In this episode of the Arbeitsrecht podcast by Wolf Theiss, Isabel Firneis and Magdalena Ziembicka discuss some of the most important headcount numbers Austrian employers must pay attention to. Under Austrian employment law, certain obligations or legal consequences are only triggered if a certain number of staff is employed in a company.
5 permanent employees or more: employees have the option to elect a works council. The number of works council members will depend on the business’ size.
5 employees or more: the general protection against dismissal applies. Employees can challenge their dismissal for being unfair, given that dismissal impairs employees’ interests substantially (Sozialwidrigkeit), or due to a proscribed motive (Motivwidrigkeit).
Up to 9 employees: possible lower administrative penalties for wage dumping.
20 employees or more: the works council may demand the conclusion of a social plan in the event of restructuring or a change in operations, which has a negative effect on all, or significant parts, of the workforce.
More than 20 employees: the employer must notify the local Labour Market Service (AMS) of any intended mass dismissals in advance and in writing. The AMS notification triggers a 30-days waiting period during which dismissals are void.
Mass dismissal regulations apply if an employer intends to dismiss at least five employees from a business with more than 20 but fewer than 100 employees; or at least five per cent of staff from a business with between 100 and 600 employees; or at least 30 employees from a business with more than 600 personnel; or at least five employees aged 50 or older from any business regardless of its headcount.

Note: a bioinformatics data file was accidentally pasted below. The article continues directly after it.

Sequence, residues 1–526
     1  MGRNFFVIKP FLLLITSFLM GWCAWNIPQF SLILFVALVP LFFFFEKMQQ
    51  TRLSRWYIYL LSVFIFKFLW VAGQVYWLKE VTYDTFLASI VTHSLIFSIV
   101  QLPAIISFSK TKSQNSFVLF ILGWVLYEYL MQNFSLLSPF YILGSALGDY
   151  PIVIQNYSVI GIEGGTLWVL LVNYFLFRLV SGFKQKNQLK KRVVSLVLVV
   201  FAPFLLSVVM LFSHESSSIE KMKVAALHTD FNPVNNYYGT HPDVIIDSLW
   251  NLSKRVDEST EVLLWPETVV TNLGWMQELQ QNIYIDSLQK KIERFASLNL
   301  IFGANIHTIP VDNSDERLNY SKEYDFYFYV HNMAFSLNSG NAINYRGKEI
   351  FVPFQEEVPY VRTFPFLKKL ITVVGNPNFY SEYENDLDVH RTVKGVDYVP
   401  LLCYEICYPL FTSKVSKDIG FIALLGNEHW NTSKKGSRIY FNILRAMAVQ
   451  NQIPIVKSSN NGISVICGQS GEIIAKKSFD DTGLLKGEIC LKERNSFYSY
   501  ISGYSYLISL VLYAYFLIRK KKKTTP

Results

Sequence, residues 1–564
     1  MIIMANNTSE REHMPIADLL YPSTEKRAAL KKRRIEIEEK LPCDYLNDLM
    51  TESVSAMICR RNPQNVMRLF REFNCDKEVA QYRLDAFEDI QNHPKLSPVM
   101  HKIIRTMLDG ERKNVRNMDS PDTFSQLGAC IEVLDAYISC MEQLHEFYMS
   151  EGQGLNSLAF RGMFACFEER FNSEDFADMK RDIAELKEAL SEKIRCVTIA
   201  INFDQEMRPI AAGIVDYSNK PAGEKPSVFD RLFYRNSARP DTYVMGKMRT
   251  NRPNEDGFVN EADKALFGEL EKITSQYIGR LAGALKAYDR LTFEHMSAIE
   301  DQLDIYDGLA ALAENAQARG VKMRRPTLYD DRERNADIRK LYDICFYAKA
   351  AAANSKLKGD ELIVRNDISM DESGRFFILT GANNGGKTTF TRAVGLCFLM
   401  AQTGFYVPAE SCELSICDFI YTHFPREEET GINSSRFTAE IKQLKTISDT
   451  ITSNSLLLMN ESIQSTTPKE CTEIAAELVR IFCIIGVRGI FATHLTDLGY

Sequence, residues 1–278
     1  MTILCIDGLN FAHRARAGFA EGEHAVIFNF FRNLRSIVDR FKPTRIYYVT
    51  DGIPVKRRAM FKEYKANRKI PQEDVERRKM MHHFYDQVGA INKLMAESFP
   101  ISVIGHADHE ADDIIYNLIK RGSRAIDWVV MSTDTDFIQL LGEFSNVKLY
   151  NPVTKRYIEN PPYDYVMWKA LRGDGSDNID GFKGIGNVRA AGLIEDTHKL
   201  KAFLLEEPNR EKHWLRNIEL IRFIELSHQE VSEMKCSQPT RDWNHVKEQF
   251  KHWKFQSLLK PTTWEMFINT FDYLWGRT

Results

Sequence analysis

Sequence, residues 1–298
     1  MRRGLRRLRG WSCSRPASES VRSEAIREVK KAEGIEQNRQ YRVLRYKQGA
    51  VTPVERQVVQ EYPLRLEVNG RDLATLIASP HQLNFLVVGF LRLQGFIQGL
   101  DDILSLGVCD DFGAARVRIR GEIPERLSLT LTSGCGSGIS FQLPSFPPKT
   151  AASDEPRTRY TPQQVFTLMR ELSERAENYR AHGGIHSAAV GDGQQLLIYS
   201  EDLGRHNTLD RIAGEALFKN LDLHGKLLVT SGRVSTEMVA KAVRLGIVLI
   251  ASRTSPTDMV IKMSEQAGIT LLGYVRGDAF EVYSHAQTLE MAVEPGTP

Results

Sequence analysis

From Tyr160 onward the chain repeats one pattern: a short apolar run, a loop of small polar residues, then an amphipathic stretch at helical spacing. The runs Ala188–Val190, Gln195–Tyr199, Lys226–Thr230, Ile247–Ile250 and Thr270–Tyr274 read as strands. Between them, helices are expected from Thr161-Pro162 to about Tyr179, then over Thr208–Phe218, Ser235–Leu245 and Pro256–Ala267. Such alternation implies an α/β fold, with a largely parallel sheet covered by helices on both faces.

21 employees or more: parents of children up to the age of seven are entitled to parental part-time, provided employment has lasted at least three years. Qualified employees can unilaterally enforce either a reduction in working time or a change in working hours from the employer – (i.e., the employer may not object to the reduction itself). Between the request for and the duration of part-time work, (but no longer than until the child’s 4th birthday), employees enjoy special protection against dismissal. Employees in smaller businesses do not have the same entitlement, but may file a lawsuit against the employer to agree to a parental part-time agreement.
25 employees or more: companies are obligated to employ one disabled person with at least 50% degree of disability for every 25 employees. If this employment obligation is not fulfilled, the employer will be charged a compensation tax by the Social Ministry Service.
50 employees or more: employers are obligated to set up an internal reporting channel for employees to report violations of certain areas of law, according to the new Whistleblower Protection Act. The Act provides for protection of whistle-blowers against retaliatory measures. Companies that employ 250 or more workers must introduce reporting channels by 24 August 2023. Companies with 50 to 249 employees will have until 17 December 2023 to do so.
150 employees or more: the works council has a right to demand that one of its members be completely released from work duties, on a fully paid basis, to focus on performing works council activities.
150 employees or more: every two years, employers must prepare an anonymous report regarding pay levels aggregated by gender, in order to ensure gender equality.